They were the best they could be

By Ron Leir

As we usher in the new year and, with it, hope for renewal, we bid farewell to three of our brighter beacons who were shining examples of the best we can aspire to in life.

Closest to home among this particular trio is Jonathan “Jon” Giordano, a Kearny comrade dedicated to family, profession and civic virtues.

Jon was just 50 when he was taken from us and had only served half his term as a Second Ward representative on the Kearny Town Council but he has, nonetheless, left a lasting impact on the community at large.

His Second Ward council buddy Rich Konopka, who delivered an eloquent eulogy last week, and the rest of his council colleagues were all visibly shaken by his loss and the town of Kearny has a big gap to fill in his absence.

Belleville’s Jeff Mattingly, who came to know Jon over the past decade through business connections and likeminded civic activities, said his friend had an aptitude for carpentry – “he was particularly good with machinery. I’d ask him where you get used parts and he’d be a wealth of information.”

But as much as Jon cared about putting out a good product, he devoted as much attention – if not more – to the welfare of his hometown, Mattingly noted, and didn’t hesitate in “working with the powers that be” in trying to improve things.

That he did, indeed, said John Peneda, Kearny Urban Enterprise Zone coordinator, who recalled how Jon enthusiastically endorsed the prospective Kearny Rewards card program, designed as a local business stimulus.

And he remembered how Jon had researched the idea of adapting sections of Kearny Ave. for “parklets” – sidewalk extensions installed in parking lanes to provide space for amenities like benches and tables for pedestrians and shoppers.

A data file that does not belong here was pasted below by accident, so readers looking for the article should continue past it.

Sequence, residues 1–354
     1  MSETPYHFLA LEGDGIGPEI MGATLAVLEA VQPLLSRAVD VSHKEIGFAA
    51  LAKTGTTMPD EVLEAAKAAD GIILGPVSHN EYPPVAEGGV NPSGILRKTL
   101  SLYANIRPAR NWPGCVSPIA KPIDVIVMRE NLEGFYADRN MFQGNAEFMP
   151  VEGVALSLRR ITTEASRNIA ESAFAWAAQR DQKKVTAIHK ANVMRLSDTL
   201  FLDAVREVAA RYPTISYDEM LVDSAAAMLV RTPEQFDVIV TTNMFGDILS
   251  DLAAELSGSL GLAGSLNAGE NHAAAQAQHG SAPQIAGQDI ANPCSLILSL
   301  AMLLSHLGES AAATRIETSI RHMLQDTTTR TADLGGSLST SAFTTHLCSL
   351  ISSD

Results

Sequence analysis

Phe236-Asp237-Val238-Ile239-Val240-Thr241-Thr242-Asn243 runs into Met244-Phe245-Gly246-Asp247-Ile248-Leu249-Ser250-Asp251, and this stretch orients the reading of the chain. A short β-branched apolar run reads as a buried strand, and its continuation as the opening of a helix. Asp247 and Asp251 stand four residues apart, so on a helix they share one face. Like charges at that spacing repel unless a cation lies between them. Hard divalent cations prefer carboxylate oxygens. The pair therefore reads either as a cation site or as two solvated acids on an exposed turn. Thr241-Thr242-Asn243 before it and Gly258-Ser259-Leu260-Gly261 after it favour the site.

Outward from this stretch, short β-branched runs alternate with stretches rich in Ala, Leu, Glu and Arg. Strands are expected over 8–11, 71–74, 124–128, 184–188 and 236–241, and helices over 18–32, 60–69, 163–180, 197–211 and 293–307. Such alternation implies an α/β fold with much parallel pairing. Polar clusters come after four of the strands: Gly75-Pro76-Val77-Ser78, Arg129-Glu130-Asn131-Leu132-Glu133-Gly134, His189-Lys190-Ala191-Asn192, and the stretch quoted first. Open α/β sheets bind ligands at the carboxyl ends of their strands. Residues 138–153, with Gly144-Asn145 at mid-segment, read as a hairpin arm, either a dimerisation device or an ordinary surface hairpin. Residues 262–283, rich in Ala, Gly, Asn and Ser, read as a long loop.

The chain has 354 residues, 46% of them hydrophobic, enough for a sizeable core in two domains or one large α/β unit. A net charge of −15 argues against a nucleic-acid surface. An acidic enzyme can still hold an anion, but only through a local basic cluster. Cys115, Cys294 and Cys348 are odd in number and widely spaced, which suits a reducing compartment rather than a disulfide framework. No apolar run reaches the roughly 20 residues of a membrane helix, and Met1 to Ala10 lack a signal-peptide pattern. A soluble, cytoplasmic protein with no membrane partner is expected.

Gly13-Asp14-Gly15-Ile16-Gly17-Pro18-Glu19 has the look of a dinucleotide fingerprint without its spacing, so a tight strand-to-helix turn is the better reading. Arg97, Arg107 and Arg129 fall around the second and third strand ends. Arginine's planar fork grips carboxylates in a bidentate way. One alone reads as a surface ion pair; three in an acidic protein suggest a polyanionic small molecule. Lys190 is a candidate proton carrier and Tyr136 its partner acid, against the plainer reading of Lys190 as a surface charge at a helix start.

Most of all, though, people will remember Jon as what Councilman Michael Landy accurately termed, “a good guy, a good man.”

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Another “good guy” who died Jan. 10 at the age of 59 was Steven McDonald, a member of the NYPD who was left paralyzed at the age of 29 after being shot by a 15-year-old boy in Central Park in the summer of 1986. We relied on a recent New York Times obit to recall details about his life.

Several months after the shooting, as he marked his newborn son’s baptism, McDonald wrote of the shooter, in a statement read by his wife, “I forgive him and hope that he can find peace and purpose in his life.” For a while, McDonald corresponded with the teen who was convicted of attempted murder, met with his mother and attended church services with the boy’s grandmother.

McDonald, who was retained on the police force as a first-grade detective, made many public appearances, including trips to Northern Ireland as part of the effort to reconcile warring Catholics and Protestants in that country and speaking in support of those seeking to overcome disabilities.

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Last but by no means least, we memorialize Clare Hollingworth, who, as a recent Times obit recounted, broke the “journalistic scoop of the century” when – in his first week with the British-based The Daily Telegraph – she called in a story to her editor that German forces were about to invade Poland, signaling the start of WWII in August 1939.

Her article was published on Aug. 29 and on Sept. 1, the Germans marched across the border.

Hollingworth pursued a career as a war correspondent over the next 40 years: She covered several WWII fronts, in Europe, the Balkans and North Africa; civil wars in Greece and Algiers; fighting between Arabs and Jews in Palestine; and Vietnam where she narrowly avoided death from a sniper’s bullet.

In the mid-‘60s, despite reporters being barred from entry, Hollingworth called her friend, Indira Gandhi, then information minister for India, to get to the Indo-Pakistani war front.

Other singular achievements credited to Hollingworth include being one of the first Western journalists allowed access to China; identifying British intelligence agent Kim Philby as a Soviet spy; and breaking the story that the U.S. was preparing for peace talks with Vietnam.

For more details, check out any of her books: “The Three Weeks’ War in Poland” (1940), “There’s a German Just Behind Me” (1942), “The Arabs and the West” (1952) and “Mao and the Men Against Him” (1985).

Her first husband divorced her for desertion in 1951 after 15 years of marriage. In a 2004 interview with The Guardian, Hollingworth was quoted as saying: “When I’m on a story, I’m on a story – to hell with husband, family, anyone else.”

Clare Hollingworth is covering new territory now that she passed on Jan. 10, at the age of 105.

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